Good News – Business Cell Phone Tax Deduction

We love good news that makes tax record-keeping easier! If  your employees use cell phones for business, the rules for deducting the expense have gotten much easier. Previously, a cell phone was considered by the IRS to be “listed property,” a special category for deductions. Listed property includes items that the IRS considers to have potential for personal use that might be inadvertently deducted. So, for computers, camera equipment, certain autos, and formerly, cell phones, it is required to keep records of both business and personal use. If the business use percentage is more than 50%, then the opportunities for deductions and depreciation increase.

The Small Business Jobs Act of 2010, enacted last year by Congress, removed cell phones from listed property. Recently the IRS issued guidance on how exactly this applies to filing taxes.

The key point is that the cell phone must be used for business purposes. Here’s the IRS explanation –

if there are substantial reasons relating to the employer’s business, other than providing compensation to the employee, for providing the employee with a cell phone.  For example, the employer’s need to contact the employee at all times for work-related emergencies, the employer’s requirement that the employee be available to speak with clients at times when the employee is away from the office, and the employee’s need to speak with clients located in other time zones at times outside of the employee’s normal work day are possible substantial noncompensatory business reasons.  A cell phone provided to promote the morale or good will of an employee, to attract a prospective employee or as a means of furnishing additional compensation to an employee is not provided primarily for noncompensatory business purposes.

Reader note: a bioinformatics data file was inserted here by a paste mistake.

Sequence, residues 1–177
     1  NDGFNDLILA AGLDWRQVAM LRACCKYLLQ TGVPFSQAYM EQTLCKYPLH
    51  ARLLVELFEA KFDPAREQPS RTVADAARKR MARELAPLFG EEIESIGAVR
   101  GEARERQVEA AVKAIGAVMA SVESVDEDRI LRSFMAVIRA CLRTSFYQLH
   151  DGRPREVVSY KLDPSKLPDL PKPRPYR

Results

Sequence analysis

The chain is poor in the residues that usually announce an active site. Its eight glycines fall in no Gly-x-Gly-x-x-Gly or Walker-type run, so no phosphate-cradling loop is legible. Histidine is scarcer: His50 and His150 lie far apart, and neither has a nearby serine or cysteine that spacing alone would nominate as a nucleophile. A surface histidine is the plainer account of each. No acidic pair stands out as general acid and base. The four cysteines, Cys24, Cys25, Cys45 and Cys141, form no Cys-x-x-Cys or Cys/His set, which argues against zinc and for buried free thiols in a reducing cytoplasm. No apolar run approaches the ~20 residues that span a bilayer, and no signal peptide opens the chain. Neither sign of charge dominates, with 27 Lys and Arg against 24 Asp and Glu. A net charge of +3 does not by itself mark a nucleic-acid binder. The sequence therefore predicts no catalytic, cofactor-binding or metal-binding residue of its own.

Any personal use by the employee is considered a minimal fringe benefit, not included in wages and not necessary to track or report. Yeah!

Let’s see how it applies to employee cell phones:

If the cell phone is provided to the employee for noncompensatory business reasons, then it is an excludible fringe benefit.  The business can deduct the expense and it is not compensation for the employee. It is now not necessary to track the employee’s business and personal use.

If the business reimburses employees for their personal cell phone, note that per the IRS, “the employee must maintain the type of cell phone coverage that is reasonably related to the needs of the employer’s business, and the reimbursement must be reasonably calculated so as not to exceed expenses the employee actually incurred in maintaining the cell phone.”

IRS Notice
IRS Notice 2011-72
IRS Memo SBSE-04-0911-083




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